and most people would say it was worth only about £30 million.
He himself said in that very context, "Birmingham looks extremely
remote for that specific reason." He feels that that is the
only way that they can generate that £120 million as long
as the Football Association continue with their emphatic claim
that they are not responsible. Were you ever aware of that?
(Tessa Jowell) I was aware that there was a staging
agreement. I was also well aware that the existence of the staging
agreement as one of the terms of the Lottery agreement did not
preclude the consideration of Birmingham as an option should Wembley
fail. I think the chief executive of the Football Association
to whom I spoke yesterday about this matter confirms that the
position in relation to the FA now is as it was in December when
they made clear that, should Wembley fail, Birmingham would remain
an option to consider, subject to all the obstacles and difficulties
that would have to be considered that he set out in his memorandum
to you. In relation to David Moffett's evidence, of course he
has to defend the staging agreement. It is a contract to which
he is party.
429. I am disputing the figure of 120 million.
In answer to a question to WNSL on Tuesday, they said they had
made £14 million profit after the purchase of the stadium.
If they made 14 million profit since the purchase of the stadium,
they must have had a gross income reduced to 14 million by various
expenses. Had they not been given 120 million to buy the stadium
they would have had to pay rent for the stadium out of the 14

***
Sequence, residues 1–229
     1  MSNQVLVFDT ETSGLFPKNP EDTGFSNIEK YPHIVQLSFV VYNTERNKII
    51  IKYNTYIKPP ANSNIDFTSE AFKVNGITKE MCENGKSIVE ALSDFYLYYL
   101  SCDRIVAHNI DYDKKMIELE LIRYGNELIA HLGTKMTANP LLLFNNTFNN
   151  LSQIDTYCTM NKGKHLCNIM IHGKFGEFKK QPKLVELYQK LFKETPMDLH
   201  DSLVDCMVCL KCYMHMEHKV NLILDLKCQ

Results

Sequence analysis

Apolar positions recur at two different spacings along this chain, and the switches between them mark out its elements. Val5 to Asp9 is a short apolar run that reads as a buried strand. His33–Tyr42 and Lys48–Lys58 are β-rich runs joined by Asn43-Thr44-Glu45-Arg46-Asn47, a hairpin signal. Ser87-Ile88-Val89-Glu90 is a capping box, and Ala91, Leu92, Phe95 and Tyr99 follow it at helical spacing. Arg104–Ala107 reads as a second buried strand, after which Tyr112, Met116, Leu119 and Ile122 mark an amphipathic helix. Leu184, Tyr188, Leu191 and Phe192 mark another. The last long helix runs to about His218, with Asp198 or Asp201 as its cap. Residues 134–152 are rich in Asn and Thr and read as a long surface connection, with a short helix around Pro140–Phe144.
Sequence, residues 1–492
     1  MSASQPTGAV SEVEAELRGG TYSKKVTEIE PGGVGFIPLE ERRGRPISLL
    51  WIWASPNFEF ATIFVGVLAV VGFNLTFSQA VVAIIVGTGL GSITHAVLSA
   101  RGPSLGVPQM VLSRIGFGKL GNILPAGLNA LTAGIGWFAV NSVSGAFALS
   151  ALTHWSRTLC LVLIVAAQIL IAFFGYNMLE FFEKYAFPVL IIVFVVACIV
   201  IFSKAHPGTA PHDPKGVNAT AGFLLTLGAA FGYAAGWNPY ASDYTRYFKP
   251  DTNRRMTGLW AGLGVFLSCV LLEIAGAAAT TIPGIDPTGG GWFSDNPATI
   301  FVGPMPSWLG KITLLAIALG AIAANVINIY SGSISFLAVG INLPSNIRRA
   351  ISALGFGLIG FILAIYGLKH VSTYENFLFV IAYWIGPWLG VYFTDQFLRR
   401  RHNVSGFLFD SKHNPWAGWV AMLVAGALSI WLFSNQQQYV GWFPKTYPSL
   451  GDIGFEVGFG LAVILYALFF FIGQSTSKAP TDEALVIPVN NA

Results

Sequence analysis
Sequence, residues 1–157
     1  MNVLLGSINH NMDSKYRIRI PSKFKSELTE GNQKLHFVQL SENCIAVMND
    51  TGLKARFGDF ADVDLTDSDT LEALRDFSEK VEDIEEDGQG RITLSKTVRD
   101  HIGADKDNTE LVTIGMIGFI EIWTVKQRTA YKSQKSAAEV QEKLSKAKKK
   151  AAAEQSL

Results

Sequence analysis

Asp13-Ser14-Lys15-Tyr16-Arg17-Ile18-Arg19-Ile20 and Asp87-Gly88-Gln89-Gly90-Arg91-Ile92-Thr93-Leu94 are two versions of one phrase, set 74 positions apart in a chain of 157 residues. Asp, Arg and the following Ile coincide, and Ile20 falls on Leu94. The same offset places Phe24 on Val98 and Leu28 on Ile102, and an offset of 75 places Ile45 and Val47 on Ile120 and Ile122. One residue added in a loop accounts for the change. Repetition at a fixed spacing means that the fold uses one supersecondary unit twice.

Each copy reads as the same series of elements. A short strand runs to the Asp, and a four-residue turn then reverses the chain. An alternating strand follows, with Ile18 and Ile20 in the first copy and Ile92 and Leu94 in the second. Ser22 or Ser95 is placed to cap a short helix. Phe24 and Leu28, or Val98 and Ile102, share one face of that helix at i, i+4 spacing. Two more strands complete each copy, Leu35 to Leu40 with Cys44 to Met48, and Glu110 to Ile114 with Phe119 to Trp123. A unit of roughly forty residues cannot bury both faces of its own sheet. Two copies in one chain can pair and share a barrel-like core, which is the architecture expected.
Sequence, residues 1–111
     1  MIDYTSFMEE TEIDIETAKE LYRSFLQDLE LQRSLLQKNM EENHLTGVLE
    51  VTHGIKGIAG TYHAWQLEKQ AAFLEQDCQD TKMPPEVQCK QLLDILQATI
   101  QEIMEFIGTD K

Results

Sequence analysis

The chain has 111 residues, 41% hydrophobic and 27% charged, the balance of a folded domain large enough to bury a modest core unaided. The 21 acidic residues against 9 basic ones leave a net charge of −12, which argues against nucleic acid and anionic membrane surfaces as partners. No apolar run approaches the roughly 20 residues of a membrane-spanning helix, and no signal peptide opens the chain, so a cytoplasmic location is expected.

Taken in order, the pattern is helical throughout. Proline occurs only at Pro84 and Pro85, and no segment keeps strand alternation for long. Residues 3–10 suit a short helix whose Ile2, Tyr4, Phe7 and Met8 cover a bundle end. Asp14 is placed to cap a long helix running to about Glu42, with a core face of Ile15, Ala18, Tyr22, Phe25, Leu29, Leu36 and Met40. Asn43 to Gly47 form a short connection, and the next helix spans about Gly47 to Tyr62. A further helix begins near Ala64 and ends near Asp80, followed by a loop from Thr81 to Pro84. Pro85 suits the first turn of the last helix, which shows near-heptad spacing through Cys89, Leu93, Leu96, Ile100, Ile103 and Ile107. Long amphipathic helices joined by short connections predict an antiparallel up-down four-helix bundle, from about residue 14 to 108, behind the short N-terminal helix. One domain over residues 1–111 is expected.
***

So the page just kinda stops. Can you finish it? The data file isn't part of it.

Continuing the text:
million of five, six or seven million and provided sports facilities
for other people. In making that calculation, Sport England could
have done one of two things. It could have said, "We will
give you 120 million but we know you are going to make a profit
over the next period and that profit is going to be enhanced by
you not having to pay rent for the stadium. Therefore, we want
the rental back, five million", or they could have said,
"We will give you 125 million because we gave you 120 million
in cash and you are going to gain five million by not having to
pay rent for the stadium." Was that calculation taken knowingly
(Tessa Jowell) I cannot answer that question. I would
direct the question to Sport England. The fact that the stadium
was closed and that clearly contributed to the reduction in the
value of the site is precisely the kind of circumstance that I
would hope more rigorous assessment of the risks associated with
the grant would take into account.
430. I also asked the question about the six
months since Wembley closed but it is 18 months. If they could
make 14 million profit from the purchase of the stadium when it